The Afghan girls who live as boys
For economic and social reasons, many Afghan parents want to have a son. This preference has led to some of them practising the long-standing tradition of Bacha Posh - disguising girls as boys.
When Azita Rafhat, a former member of the Afghan parliament, gets her daughters ready for school, she dresses one of the girls differently.
Three of her daughters are clothed in white garments and their heads covered with white scarves, but a fourth girl, Mehrnoush, is dressed in a suit and tie. When they get outside, Mehrnoush is no longer a girl but a boy named Mehran.
Azita Rafhat didn’t have a son, and to fill the gap and avoid people’s taunts for not having a son, she opted for this radical decision. It was very simple, thanks to a haircut and some boyish clothes.
Girls brought up as boys do not stay like this all their lives. When they turn 17 or 18 they live life as a girl once again - but the change is not so simple.
Elaha lives in Mazar-e Sharif in northern Afghanistan. She lived as a boy for 20 years because her family didn’t have a son and reverted only two years ago when she had to go to university.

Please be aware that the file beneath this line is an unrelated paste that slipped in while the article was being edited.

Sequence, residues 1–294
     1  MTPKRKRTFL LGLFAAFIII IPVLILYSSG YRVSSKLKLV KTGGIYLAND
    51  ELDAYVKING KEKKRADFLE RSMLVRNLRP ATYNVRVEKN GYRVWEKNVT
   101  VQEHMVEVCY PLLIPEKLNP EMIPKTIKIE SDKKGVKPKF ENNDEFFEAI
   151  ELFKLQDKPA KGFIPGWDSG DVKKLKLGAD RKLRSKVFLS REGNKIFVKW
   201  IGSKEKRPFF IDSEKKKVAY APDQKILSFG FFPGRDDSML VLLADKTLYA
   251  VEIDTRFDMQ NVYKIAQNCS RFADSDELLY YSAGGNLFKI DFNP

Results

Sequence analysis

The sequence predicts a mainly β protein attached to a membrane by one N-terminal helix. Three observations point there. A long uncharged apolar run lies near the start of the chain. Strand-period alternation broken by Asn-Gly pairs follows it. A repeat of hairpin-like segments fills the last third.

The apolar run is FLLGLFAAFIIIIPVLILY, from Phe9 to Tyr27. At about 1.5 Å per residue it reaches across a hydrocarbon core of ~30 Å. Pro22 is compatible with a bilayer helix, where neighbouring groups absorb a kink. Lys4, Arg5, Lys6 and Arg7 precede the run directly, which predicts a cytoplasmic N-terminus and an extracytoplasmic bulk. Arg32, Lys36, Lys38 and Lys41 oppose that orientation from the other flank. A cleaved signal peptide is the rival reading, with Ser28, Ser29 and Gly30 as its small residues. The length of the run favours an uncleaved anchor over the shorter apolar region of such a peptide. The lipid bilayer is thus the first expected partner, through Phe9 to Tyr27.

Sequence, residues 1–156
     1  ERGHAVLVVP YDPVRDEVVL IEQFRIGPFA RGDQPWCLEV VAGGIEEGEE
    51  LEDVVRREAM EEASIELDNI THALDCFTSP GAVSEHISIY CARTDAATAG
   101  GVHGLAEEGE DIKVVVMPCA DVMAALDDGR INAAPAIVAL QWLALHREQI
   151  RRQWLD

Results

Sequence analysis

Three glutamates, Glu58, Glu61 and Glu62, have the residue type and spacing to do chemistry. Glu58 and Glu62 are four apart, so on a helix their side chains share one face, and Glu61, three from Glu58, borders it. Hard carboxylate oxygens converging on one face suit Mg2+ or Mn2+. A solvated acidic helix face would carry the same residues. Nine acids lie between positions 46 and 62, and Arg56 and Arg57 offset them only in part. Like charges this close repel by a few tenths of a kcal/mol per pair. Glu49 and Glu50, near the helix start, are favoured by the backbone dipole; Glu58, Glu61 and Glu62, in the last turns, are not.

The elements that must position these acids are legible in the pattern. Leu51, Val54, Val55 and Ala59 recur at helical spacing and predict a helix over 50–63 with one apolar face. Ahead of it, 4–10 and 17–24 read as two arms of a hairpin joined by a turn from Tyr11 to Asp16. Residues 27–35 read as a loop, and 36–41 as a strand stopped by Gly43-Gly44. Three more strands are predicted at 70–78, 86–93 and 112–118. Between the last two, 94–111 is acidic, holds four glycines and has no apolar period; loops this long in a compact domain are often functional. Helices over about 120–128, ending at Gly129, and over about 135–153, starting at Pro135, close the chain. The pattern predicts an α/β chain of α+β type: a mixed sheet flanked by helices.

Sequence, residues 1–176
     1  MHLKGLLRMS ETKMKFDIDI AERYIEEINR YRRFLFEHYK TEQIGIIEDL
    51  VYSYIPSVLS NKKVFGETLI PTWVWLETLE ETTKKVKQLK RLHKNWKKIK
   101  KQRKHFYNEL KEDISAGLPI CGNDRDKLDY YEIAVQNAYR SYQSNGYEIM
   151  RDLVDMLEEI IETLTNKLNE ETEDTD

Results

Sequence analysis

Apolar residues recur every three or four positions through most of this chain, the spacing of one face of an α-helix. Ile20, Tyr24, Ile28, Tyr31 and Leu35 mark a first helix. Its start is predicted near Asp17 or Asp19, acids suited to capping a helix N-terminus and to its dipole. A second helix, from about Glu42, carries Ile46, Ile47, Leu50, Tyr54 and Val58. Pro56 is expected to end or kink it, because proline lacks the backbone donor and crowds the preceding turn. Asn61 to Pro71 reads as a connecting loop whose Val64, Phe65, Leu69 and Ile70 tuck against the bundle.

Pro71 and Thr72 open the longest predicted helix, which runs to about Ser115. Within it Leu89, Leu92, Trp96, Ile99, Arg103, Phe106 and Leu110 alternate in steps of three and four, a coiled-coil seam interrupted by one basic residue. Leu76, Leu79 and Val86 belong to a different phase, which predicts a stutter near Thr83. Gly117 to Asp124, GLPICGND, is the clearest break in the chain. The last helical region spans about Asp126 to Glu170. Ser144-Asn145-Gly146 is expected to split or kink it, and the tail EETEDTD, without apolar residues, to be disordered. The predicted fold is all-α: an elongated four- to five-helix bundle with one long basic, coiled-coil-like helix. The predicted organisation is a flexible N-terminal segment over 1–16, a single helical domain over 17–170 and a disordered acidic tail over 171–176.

However, she does not feel fully female: she says her habits are not girlish and she does not want to get married.
"When I was a kid my parents disguised me as a boy because I didn’t have a brother. Until very recently, as a boy, I would go out, play with other boys and have more freedom."
She has returned reluctantly to her gender and says she has done it only because of the social traditions.
"If my parents force me to get married, I will compensate for the sorrows of Afghan women and beat my husband so badly that he will take me to court every day."